NEW YORK (TheStreet) -- In many ways the recent hack attack on JPMorgan Chase (JPM - Get Report) and four other, unnamed U.S. banks was not terribly unusual: a phishing email that, when clicked, opened malware that took control of target computers.
But the reaction was unusual. The FBI was called in and began looking for links between the attack and the ongoing struggle with the Russian government over Ukraine.
If war has begun, the thinking went, it's a cyberwar, and we are all in the front line.
TheStreet's Brittany Umar takes a closer look at the J.P. Morgan cyber attack:
Further investigation offered a different picture. Bloomberg learned the attack began months ago and took advantage of existing, known security flaws in the bank's infrastructure. The idea of Russian criminals seeking to exploit banks' cybersecurity holes to extract valuable personal data is a decade old.
Yet some experts still acted like this was DEFCON 1, with at least one soberly warning that a Digital Pearl Harbor is coming and America's cyberdefenses are no more ready for it than America was ready for war in Europe in 1938.
He's right. A recent Web audio conference I attended on Health IT security revealed that an attack against Community Health Systems (CYH) that drew all sorts of comment was actually caused by the "Heartbleed" bug, something that has been around since spring and was even the subject of a comic strip.
That is the real story here. Despite years of cyberattacks from criminals, many corporate and individual systems remain woefully insecure.
Security guru Bruce Schneier demonstrated this in a chart five years ago, describing the "window of exposure" in hack attacks. The danger from a bug rises quickly from the time it is discovered until it's patched, then goes down. But security never reaches the prebug level because users are lazy about installing patches. The best lock in the world is no good if it isn't installed, and many digital locks just aren't installed.
Proprietary software companies such as Microsoft (MSFT) have used this window-of-exposure concept in arguing against the use of open source software, noting that they issue patches every week but most open source patches are delivered on an ad-hoc basis, unless you're using a commercial provider such as Red Hat (RHT) for your open source software.
So the security experts are right. If we are hearing the drumbeats of war, our computers are on the front line. In that event it becomes your patriotic duty to patch, not only operating system flaws, but application flaws as well. Keeping your software updated will become, in our time, the equivalent of the old idiom "Loose lips sink ships." Maybe loose lips sink chips.
This is going to put new pressure on Google (GOOG) to update Android phones more regularly and for longer periods of time. It's going to mean new profits for security companies such as Splunk (SPLK) , which saw its shares surge Friday on an earnings beat but is still down for the year and remains well below levels achieved in February, when Vladimir Putin was a cuddly bear enjoying the Sochi Olympics.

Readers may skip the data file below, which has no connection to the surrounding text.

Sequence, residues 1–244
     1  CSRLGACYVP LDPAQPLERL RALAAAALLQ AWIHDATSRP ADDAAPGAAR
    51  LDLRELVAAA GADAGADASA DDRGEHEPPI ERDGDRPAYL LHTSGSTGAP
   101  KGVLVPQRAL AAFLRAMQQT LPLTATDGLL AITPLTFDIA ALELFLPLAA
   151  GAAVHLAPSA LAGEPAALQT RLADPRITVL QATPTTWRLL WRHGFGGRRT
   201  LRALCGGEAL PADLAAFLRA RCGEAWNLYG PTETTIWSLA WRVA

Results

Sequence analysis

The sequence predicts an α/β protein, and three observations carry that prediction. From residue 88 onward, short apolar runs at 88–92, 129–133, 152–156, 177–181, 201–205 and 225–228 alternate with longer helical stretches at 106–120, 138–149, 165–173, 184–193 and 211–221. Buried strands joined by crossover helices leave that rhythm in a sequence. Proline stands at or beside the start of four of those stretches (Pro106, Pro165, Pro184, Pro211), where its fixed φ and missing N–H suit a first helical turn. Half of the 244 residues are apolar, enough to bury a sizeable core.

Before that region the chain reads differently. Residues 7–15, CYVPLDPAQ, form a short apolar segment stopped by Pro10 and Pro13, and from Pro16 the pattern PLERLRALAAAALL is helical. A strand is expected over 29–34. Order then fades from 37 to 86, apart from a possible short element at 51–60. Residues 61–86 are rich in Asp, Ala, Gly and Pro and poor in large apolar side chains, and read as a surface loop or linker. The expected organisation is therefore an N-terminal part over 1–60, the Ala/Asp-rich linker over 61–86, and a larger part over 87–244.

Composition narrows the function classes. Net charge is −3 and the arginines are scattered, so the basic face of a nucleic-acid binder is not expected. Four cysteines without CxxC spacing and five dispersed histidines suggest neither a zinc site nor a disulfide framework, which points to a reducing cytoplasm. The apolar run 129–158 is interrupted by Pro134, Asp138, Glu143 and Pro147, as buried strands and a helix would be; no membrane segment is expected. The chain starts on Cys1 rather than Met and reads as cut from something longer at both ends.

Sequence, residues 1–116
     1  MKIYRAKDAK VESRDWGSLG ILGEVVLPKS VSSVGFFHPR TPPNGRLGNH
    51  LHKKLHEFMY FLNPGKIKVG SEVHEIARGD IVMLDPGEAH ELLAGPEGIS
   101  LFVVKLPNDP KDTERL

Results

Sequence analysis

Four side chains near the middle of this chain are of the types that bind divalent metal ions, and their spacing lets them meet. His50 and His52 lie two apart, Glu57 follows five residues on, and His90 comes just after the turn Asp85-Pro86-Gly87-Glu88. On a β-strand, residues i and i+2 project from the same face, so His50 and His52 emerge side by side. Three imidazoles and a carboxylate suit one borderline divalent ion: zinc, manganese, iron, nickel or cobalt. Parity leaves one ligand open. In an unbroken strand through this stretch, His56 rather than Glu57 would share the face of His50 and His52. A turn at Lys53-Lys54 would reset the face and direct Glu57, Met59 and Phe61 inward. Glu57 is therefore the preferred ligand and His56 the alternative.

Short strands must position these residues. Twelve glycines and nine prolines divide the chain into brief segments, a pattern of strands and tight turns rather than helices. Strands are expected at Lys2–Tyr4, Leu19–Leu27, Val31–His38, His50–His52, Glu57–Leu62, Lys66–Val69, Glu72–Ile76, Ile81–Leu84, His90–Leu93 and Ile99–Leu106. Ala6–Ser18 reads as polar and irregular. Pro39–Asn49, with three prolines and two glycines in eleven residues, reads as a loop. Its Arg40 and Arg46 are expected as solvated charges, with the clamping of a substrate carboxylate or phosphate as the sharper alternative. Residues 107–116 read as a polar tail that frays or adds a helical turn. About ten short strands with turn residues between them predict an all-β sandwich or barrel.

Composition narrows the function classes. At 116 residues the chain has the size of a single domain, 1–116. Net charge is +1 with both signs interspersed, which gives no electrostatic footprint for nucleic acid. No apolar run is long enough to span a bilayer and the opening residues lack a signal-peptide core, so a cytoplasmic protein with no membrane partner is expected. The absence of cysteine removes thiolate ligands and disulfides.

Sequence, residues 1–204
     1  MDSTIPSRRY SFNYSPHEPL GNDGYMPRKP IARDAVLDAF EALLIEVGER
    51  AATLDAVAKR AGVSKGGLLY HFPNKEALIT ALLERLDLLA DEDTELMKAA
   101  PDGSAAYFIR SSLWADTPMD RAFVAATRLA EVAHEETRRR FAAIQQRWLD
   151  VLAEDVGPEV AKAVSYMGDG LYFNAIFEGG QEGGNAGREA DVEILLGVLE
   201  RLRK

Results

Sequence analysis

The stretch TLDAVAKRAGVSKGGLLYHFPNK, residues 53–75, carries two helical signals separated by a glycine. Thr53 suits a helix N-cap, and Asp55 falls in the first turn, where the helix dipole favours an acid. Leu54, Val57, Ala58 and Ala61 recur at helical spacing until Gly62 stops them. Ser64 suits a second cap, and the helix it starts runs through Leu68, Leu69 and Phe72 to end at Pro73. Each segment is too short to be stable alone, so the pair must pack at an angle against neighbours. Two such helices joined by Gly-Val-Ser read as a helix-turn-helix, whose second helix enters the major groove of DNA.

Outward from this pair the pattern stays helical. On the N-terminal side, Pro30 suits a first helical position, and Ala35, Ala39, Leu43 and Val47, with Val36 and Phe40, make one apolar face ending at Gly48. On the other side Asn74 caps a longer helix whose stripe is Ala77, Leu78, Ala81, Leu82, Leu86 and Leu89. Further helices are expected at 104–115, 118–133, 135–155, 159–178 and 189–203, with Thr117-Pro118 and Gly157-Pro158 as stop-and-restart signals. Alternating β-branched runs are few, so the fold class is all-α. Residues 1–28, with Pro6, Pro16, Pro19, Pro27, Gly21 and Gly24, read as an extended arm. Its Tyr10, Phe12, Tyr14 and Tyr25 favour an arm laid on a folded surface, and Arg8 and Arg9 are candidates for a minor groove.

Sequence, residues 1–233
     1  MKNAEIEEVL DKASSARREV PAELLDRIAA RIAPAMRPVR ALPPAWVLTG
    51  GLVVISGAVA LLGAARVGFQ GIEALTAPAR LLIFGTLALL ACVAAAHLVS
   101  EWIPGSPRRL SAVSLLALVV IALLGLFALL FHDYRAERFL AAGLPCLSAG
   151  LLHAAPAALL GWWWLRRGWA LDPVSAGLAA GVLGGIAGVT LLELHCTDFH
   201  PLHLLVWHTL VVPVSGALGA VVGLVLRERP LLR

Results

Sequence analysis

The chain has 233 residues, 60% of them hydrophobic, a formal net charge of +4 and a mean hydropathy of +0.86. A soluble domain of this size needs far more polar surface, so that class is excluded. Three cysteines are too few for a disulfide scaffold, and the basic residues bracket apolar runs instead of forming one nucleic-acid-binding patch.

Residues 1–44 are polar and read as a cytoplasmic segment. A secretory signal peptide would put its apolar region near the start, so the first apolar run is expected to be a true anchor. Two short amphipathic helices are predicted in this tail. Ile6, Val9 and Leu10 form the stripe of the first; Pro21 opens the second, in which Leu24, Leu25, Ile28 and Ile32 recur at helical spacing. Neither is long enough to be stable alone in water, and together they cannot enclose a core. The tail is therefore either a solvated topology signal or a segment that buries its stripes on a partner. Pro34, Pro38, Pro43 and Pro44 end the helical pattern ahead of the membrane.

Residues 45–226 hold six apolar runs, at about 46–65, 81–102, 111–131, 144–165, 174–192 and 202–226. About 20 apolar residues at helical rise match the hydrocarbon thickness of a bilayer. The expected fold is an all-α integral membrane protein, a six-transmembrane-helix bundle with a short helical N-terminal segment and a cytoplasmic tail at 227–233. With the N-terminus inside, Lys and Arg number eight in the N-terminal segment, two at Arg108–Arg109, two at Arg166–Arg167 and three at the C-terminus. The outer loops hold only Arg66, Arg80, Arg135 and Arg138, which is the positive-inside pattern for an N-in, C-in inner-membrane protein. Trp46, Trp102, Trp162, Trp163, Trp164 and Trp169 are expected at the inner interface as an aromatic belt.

So the warning has been issued, and every company you do business with, or invest in, has been told what it needs to do. But will they do it before the Digital Pearl Harbor actually strikes?
If history is any guide, that's unlikely.
At the time of publication the author owned shares of GOOG and GOOGL.
This article is commentary by an independent contributor, separate from TheStreet's regular news coverage.
TheStreet Ratings team rates SPLUNK INC as a Sell with a ratings score of D. TheStreet Ratings Team has this to say about their recommendation:
"We rate SPLUNK INC (SPLK) a SELL. This is driven by multiple weaknesses, which we believe should have a greater impact than any strengths, and could make it more difficult for investors to achieve positive results compared to most of the stocks we cover. The company's weaknesses can be seen in multiple areas, such as its deteriorating net income, disappointing return on equity, weak operating cash flow, generally disappointing historical performance in the stock itself and feeble growth in its earnings per share."
You can view the full analysis from the report here: SPLK Ratings Report
TheStreet Ratings team rates RED HAT INC as a Buy with a ratings score of B. TheStreet Ratings Team has this to say about their recommendation:
"We rate RED HAT INC (RHT) a BUY. This is driven by some important positives, which we believe should have a greater impact than any weaknesses, and should give investors a better performance opportunity than most stocks we cover. The company's strengths can be seen in multiple areas, such as its robust revenue growth, expanding profit margins, good cash flow from operations, increase in stock price during the past year and largely solid financial position with reasonable debt levels by most measures. We feel these strengths outweigh the fact that the company has had sub par growth in net income."
You can view the full analysis from the report here: RHT Ratings Report